But the execs knew nothing about the Web. So Welch took an idea he’d heard about while visiting a subsidiary in Europe and made it a corporationwide mandate: Some 1,000 Web-savvy employees were assigned to mentor senior executives about the Internet. Even Welch got a mentor. Armed with the wisdom of people like Stuart, the red-haired slacker who tutors the old-line executive in the Ameritrade commercial, the remaking of GE was under way. The teams got beer parties and brightly colored offices, an attempt to create a proper dot-cam aura. Eventually, they discovered that there probably weren’t any Internet entrepreneurs hiding out in Silicon Valley devising ways to sell turbines or aircraft engines online. With that fear laid to rest, the teams were transformed into “” units. Later, they were disbanded altogether, and e-business was brought into the mainstream of GE’s operations.

All that work seemed to pay off. GE Power Systems, a $10 billion unit based in Schenectady, N.Y., that sells power-generation equipment and parts, created a site where customers can order from an online catalog of replacement parts. They can also use the site to compare the performance of GE generators to that of others.

Similarly, GE Aircraft Engines, a $10.6 billion division based in Cincinnati, put its catalog of spare engine parts online. Customers can check pricing and availability in real time. Aircraft Engines has also developed Web sites where its biggest suppliers can go to schedule deliveries and handle billing.

GE Polymerland, the distribution arm of GE Plastics, a $6.9 billion unit based in Pittsfield, Mass., has a site where customers can use online tools known as wizards to decide what types of plastic or resin they need for a mobile phone case or auto part. Then, they can order the materials for injection molds online.

And GE Medical Systems has created diagnostic tools and a wizard that helps GE’s salespeople and customer technicians work together to set up magnetic resonance imaging equipment. The unit has also begun to offer software for tis equipment over the Web. Medical Systems CEO Jeffrey R. Immelt was recently named to succeed Welch as GE’s Chairman and CEO. (Welch, 65, had planned to retire early this year but agreed to stay on to stay on to manage GE’s acquisition of Honeywell International.) Immelt has already indicated that he’s committed to GE’s Web strategy.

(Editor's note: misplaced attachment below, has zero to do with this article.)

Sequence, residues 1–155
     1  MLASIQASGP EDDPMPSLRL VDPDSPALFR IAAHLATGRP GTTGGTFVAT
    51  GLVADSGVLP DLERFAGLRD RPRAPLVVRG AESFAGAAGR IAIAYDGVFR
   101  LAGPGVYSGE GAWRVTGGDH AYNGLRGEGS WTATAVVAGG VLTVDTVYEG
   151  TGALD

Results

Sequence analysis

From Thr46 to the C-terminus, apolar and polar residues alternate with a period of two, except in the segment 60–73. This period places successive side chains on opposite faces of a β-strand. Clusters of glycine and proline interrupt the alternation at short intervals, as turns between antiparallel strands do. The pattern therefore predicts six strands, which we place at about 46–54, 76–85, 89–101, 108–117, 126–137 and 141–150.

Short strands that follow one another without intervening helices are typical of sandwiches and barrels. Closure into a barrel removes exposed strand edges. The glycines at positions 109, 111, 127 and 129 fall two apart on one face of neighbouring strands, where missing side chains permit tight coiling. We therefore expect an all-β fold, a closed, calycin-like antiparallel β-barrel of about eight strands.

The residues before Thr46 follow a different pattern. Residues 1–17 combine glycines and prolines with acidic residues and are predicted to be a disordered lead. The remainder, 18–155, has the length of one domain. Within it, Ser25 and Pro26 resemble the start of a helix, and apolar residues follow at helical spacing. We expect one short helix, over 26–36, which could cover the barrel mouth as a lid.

These divisions are at the forefront of GE’s efforts, but the business practices and technologies they’ve developed are being adapted and implemented by other units. To be sure, GE deserves credit for moving faster than many other large companies to get wired. And its approach is sound. The company is trying to reduce costs and boost efficiencies by digitizing paper processes, while at the same time improving customer service and sharing more information with suppliers.

These endeavors are unlikely to make GE vastly more profitable, though, because the company isn’t using the Internet to reach new markets or create major new sources of revenue. And while the company should be able to save money by moving internal processes online, the massive cost reductions GE has been touting — which come from eliminating positions because customers and employees serve themselves — have proved elusive at other companies.

GE projects that its units will generate about $7 billion in online sales for 2000. If successful, GE will produce online revenue that’s more than double what is expected to post for 2000. That sounds impressive, given that GE’s been at this e-business thing for just two years. But what GE executives rarely point out is that very little of the online revenue represents new business. The company is simply moving existing customers to the Web.

“It’s not like we created a new market or a new channel,” concedes GE Plastics’ Podesta. “Most of the customers who were online were the same customers who were making orders by phone.”

Some customers may order more plastic resins or light bulbs from GE because it’s easier to purchase products online. Or they may order upgrades for turbines or aircraft engine parts suggested by GE based on the results from online diagnostic tools. Jean-Michel Ares, VP and CIO for GE Power Systems, says that through August his unit had received about $50 million in orders for power-generation parts and services that it wouldn’t have gotten if customers weren’t able to order online. That’s nothing to sneeze at, but it’s hardly earthshaking revenue for a $10 billion business.